The next day, I found you, little squirrel. I found you, I fell in love and then you were gone. Too soon. I should’ve written about this in the first few hours of your death, when your story gushed out of me, eager as you always had been, yourself. But it hurt too much to talk about you. I couldn’t even bring myself to tell anyone about it. To friends who texted, asking about you, I had a standard reply. I “wasn’t ready to talk about it yet”, I said. I wasn’t.
I didn’t — couldn’t — describe how you stopped eating the morning of your last day, how you were slower than usual, sleepier than usual. There was no strength in me to relive the afternoon that I got back to my flat because I had to show it to a potential flatmate and how, on seeing how sluggish you were, I ran back out to look for a vet. You rolled feebly in my palm as I asked shopkeeper after shopkeeper for the location of the only doctor that could save you, in the area. And I could not, for the life of me, talk about what it did to you when the seizures began.
“We’re closed,” the man on the end of the line told me when I finally had a number for the animal clinic. “We’ll open at five.” He was obstinate. And they only worked for cats and dogs, he added. “I know nothing about squirrels,” he said repeatedly. When I begged, he suggested I go to ‘one of those places in south Delhi that were open 24x7. When I got over the call, you were gone. Stiff. Eyes shut like you were sleeping. Traffic blared around me – 2 pm on a weekday afternoon, sunlight blasting every surface, all the world a mean, noisy whir, as I leaned against a wall and cried.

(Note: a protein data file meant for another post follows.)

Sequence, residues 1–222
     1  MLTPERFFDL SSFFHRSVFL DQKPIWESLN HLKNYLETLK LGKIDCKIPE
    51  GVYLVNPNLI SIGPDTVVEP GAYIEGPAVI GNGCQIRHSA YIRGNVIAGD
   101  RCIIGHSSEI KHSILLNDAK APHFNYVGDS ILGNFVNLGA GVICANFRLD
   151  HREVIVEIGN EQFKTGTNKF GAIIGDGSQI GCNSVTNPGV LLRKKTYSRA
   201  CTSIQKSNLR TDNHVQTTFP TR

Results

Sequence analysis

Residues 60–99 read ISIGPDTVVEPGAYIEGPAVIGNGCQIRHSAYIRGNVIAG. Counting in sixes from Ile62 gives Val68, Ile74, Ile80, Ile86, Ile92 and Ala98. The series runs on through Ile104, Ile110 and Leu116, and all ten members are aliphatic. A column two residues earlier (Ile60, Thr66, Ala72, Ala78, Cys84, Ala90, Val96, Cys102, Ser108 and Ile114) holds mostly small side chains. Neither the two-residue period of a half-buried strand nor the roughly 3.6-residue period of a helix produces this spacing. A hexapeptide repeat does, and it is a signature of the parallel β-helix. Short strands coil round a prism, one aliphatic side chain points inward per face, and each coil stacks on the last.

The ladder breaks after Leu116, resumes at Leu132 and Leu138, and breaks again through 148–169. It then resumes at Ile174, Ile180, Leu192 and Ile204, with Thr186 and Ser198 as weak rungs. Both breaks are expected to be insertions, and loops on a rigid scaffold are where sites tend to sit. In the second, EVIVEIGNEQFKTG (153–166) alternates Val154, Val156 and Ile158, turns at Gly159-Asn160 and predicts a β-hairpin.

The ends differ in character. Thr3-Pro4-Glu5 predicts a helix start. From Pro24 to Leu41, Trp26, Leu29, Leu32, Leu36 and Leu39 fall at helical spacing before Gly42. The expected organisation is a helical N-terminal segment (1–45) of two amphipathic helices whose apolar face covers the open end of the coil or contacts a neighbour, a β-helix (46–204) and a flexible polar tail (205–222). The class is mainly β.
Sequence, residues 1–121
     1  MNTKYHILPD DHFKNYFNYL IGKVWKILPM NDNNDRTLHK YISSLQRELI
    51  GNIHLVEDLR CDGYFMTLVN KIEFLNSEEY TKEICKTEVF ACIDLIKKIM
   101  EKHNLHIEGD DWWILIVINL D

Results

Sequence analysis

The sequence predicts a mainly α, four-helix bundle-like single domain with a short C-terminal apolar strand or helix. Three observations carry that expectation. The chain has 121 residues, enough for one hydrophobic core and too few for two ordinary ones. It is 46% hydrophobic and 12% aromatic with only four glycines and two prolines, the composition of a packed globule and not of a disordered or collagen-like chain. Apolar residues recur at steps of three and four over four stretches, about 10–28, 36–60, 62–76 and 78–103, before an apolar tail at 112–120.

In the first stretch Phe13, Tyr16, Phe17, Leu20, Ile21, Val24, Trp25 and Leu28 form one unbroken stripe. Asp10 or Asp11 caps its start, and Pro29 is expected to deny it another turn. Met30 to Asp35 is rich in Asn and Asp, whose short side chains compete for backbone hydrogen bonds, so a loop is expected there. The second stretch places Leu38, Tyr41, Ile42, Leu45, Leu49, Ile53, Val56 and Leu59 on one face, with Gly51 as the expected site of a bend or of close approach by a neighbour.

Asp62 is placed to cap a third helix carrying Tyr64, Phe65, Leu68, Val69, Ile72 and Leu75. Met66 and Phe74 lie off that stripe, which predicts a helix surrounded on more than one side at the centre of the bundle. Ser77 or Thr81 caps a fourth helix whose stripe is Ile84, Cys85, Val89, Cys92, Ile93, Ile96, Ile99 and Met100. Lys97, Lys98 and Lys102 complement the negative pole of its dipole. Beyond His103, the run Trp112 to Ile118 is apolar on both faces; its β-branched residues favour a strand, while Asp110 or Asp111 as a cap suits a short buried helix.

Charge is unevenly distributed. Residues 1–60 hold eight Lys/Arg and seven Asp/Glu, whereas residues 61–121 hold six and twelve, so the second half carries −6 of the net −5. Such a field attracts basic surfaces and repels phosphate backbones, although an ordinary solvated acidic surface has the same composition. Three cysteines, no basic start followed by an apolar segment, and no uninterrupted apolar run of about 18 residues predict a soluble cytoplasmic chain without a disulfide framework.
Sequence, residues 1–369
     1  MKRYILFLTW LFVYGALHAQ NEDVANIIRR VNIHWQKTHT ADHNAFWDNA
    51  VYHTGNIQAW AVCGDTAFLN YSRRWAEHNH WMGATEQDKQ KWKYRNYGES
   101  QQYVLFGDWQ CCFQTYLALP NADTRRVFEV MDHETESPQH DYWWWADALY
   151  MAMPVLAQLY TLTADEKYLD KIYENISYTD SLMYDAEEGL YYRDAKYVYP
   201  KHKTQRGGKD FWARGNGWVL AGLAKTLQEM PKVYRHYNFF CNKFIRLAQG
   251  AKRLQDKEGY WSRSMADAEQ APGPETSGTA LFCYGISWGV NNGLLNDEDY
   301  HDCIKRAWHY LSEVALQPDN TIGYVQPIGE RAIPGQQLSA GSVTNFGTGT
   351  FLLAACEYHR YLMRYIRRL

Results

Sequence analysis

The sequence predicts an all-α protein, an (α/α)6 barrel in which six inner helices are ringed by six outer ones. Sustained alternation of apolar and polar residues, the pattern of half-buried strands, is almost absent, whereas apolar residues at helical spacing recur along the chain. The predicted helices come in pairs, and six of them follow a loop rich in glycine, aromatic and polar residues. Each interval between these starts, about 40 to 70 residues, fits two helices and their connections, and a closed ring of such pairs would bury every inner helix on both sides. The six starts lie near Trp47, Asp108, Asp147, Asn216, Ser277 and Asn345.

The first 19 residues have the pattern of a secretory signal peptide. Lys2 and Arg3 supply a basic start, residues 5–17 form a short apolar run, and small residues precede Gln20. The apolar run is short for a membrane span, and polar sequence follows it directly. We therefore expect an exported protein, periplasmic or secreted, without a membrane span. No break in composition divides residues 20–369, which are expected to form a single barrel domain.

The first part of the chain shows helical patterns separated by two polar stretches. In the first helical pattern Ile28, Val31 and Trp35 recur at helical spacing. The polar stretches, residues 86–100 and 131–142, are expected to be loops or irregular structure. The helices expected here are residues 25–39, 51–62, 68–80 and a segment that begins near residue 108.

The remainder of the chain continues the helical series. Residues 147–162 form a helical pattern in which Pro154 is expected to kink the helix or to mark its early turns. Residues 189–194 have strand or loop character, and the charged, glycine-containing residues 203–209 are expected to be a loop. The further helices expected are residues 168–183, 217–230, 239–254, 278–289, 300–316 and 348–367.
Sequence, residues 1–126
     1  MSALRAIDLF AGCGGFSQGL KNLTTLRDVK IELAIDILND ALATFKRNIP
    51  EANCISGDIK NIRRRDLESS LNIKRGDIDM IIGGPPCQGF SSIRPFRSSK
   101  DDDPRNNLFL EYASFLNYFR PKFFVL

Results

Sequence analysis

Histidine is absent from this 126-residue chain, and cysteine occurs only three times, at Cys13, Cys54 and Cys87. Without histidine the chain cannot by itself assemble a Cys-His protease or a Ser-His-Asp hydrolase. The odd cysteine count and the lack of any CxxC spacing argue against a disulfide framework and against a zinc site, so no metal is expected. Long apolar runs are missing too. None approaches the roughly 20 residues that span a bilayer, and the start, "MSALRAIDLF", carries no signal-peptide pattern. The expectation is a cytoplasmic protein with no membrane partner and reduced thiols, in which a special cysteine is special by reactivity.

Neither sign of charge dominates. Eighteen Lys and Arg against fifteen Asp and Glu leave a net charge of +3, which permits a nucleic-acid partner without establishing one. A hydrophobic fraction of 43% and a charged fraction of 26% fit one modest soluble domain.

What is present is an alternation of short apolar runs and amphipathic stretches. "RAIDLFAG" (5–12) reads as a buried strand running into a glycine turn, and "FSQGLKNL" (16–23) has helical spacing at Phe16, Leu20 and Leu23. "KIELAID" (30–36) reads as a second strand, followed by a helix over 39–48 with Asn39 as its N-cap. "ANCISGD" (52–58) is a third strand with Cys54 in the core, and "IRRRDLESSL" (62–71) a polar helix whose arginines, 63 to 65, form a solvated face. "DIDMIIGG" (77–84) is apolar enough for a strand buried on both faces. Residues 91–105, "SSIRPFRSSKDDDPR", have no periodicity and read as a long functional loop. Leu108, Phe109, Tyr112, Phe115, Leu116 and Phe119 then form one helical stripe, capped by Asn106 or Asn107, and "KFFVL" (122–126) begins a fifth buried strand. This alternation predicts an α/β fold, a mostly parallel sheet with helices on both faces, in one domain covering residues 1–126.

No, I could not talk about how I failed you, the person you adopted as a surrogate mother, the person you – tiny, shy thing that you were – trusted enough to fall asleep on.
I had found you in a bucket in my washroom the day after I found out about my mother’s cancer. I came back to my flat that evening and saw you, dehydrated and slowly dying, cheeping feebly in protest when I picked you up and bathed you gently.
M got milk for you when he got back home that night, and we stayed up reading articles on the internet on how to care for abandoned squirrels. We tried feeding you and attempting to put you to sleep. And because the Steve Jobs book was lying on our bed, we named you Walter.